It doesn’t matter which of the James Bond movies you mention, it’s almost assured that once you bring up the subject of 007, the iconic theme tune starts playing in the minds of everyone in the room. Thanks to Monty Norman’s musical prowess, that simple but deadly musical staple has linked the entire history of the Bond franchise from day one. It’s a fact we reverently, but bittersweetly remember today, as Norman has died at the age of 94.
There are no extensive details provided at the moment, as Monty Norman’s official website has only provided a simple announcement of his death today. Here’s how that statement reads:
Born Monty Noserovitch in 1928, the English composer was known for musicals like Irma La Douce, as well as a singing talent who made the rounds on the variety show circuit. His big break, naturally, was with the release of 1962’s Dr. No; as a tune he’d written for an un-produced musical became the first musical statement in the world of 007.
Originally, the song “Good Sign, Bad Sign” was written as part of Monty Norman’s work on A House for Mr. Biswas. After that show failed to be produced on stage, Norman apparently submitted a derivation of that tune as the “James Bond Theme,” which was later rearranged by composer John Barry. This led to a bit of a problem for Barry, as he claimed that he actually wrote the song himself, leading to Monty Norman to successfully win two libel cases, and an eventual credit that stands to this day.
Norman’s work was featured early and often in the franchise, as the 1962 film opens with the “James Bond Theme” playing right after Commander Bond’s first shot into the gun barrel. It shortly gives way to “Three Blind Mice,” as Dr. No never had a traditional Bond song per se. However, as you’ll see below, perhaps the most important time the song played was when Sean Connery familiarized himself with worldwide audiences through a very important catchphrase:
The influence of the “James Bond Theme” has been felt throughout the 24 movies that came after Dr. No used it to introduce us all to Bond, James Bond. Most recently, Billie Eilish and Finneas’s title song for No Time To Die included their own version of a 007 easter egg in the tune, with Monty Norman’s music quoted within.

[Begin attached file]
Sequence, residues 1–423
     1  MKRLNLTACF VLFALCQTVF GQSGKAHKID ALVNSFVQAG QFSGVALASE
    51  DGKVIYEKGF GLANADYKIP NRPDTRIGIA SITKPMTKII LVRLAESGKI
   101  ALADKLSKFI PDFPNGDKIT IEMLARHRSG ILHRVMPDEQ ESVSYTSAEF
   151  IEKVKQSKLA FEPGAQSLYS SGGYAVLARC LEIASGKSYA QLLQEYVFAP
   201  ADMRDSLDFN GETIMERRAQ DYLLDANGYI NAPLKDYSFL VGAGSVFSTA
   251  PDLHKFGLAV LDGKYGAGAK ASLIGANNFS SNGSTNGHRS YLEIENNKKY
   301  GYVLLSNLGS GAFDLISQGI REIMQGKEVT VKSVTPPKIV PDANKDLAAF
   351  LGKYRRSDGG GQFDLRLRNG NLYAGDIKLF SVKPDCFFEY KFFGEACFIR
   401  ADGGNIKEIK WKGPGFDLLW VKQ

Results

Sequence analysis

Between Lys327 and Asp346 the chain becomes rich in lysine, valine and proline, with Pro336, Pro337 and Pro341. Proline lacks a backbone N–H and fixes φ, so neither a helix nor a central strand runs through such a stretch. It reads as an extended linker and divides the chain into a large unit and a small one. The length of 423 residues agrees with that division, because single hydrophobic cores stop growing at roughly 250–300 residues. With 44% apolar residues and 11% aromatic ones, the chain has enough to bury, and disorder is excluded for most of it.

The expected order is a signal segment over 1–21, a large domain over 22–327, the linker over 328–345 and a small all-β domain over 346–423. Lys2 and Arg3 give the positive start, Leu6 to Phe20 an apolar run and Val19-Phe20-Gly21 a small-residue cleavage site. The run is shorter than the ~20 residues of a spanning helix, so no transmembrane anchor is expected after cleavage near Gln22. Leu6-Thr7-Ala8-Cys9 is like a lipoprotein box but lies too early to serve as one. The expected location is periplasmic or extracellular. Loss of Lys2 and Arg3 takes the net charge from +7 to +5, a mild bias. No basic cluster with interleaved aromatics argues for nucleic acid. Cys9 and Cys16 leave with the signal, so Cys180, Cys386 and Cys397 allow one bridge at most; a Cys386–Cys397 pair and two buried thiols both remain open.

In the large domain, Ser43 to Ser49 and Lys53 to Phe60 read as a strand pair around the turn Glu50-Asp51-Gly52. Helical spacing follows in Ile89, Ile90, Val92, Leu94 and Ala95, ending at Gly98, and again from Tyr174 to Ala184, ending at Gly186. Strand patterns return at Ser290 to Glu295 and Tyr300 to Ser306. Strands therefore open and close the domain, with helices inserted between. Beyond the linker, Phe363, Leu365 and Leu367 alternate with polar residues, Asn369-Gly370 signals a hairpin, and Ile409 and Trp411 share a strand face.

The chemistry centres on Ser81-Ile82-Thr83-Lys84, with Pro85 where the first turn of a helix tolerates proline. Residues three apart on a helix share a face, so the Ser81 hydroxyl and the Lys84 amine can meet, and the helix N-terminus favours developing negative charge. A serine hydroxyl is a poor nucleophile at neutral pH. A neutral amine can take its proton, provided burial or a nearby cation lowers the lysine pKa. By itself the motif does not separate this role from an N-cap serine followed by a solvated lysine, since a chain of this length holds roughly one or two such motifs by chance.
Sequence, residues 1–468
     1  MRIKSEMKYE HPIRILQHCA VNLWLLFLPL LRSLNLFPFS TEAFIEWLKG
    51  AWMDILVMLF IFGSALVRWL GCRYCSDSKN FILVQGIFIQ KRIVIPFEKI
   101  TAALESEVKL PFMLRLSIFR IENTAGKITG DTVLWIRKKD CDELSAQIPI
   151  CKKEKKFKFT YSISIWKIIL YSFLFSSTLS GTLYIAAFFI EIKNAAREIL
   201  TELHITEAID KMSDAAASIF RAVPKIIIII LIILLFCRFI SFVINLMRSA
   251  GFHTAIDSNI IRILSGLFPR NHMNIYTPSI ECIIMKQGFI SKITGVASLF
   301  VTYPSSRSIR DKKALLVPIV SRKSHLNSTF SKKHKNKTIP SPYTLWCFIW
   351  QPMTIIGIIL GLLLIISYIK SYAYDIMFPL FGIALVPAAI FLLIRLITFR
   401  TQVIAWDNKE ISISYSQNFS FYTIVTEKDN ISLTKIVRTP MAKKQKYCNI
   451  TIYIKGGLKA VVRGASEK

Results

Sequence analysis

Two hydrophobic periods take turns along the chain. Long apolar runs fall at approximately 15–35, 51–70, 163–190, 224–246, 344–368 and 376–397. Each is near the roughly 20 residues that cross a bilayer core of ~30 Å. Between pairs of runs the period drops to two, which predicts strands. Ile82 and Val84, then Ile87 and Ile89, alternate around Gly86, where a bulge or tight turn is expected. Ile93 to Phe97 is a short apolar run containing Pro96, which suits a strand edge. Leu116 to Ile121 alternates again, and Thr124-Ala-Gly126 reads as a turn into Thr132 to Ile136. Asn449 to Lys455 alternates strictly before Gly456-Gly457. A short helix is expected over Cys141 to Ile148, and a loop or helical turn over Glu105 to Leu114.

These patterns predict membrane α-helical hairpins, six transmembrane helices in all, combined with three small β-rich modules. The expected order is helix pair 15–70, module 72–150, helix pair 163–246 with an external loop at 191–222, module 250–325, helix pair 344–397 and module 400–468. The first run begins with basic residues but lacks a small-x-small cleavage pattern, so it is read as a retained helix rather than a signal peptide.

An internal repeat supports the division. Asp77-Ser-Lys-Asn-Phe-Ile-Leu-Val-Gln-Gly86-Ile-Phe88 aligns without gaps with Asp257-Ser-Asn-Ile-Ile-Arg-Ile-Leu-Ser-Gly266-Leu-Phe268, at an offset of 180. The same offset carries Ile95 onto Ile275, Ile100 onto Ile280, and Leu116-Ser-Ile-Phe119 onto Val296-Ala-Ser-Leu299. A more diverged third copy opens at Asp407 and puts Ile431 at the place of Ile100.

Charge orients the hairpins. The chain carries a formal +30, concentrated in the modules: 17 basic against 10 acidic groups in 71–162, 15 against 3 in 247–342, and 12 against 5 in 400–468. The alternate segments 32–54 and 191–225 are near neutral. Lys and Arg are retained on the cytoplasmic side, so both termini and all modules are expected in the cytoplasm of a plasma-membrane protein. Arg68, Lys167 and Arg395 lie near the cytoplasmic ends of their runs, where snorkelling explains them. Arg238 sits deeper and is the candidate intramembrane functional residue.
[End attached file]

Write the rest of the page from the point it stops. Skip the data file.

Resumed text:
Composer Hans Zimmer has also paid homage to the "James Bond Theme," which has been referenced, covered, and reinterpreted by so many artists in the decades that passed. As he took on the duties to write the music that closed the Daniel Craig era of James Bond, one of the most important aspects he wanted to include in No Time To Die was the killer 007 guitar riffs that were synonymous with the man himself.
While John Barry certainly deserves credit for the arrangement, Monty Norman is the man that gave the tune its roots to grow from. As the 60th anniversary of James Bond has us looking back at the music of 007, it's the perfect time to reflect on this historical fact. But again, it is a bittersweet celebration, as the legend who made it all happened has left the stage once and for all.
We here at CinemaBlend would like to voice our deepest sympathies to Monty Norman’s family and friends during this period of grief and reflection. His contributions to cinematic and musical history, as well as the crucial key to the history of the best James Bond songs ever, cannot be understated. That song, much like diamonds, will truly be valued forever.
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Mike Reyes is the Senior Movie Contributor at CinemaBlend, though that title’s more of a guideline really. Passionate about entertainment since grade school, the movies have always held a special place in his life, which explains his current occupation. Mike graduated from Drew University with a Bachelor’s Degree in Political Science, but swore off of running for public office a long time ago. Mike's expertise ranges from James Bond to everything Alita, making for a brilliantly eclectic resume. He fights for the user.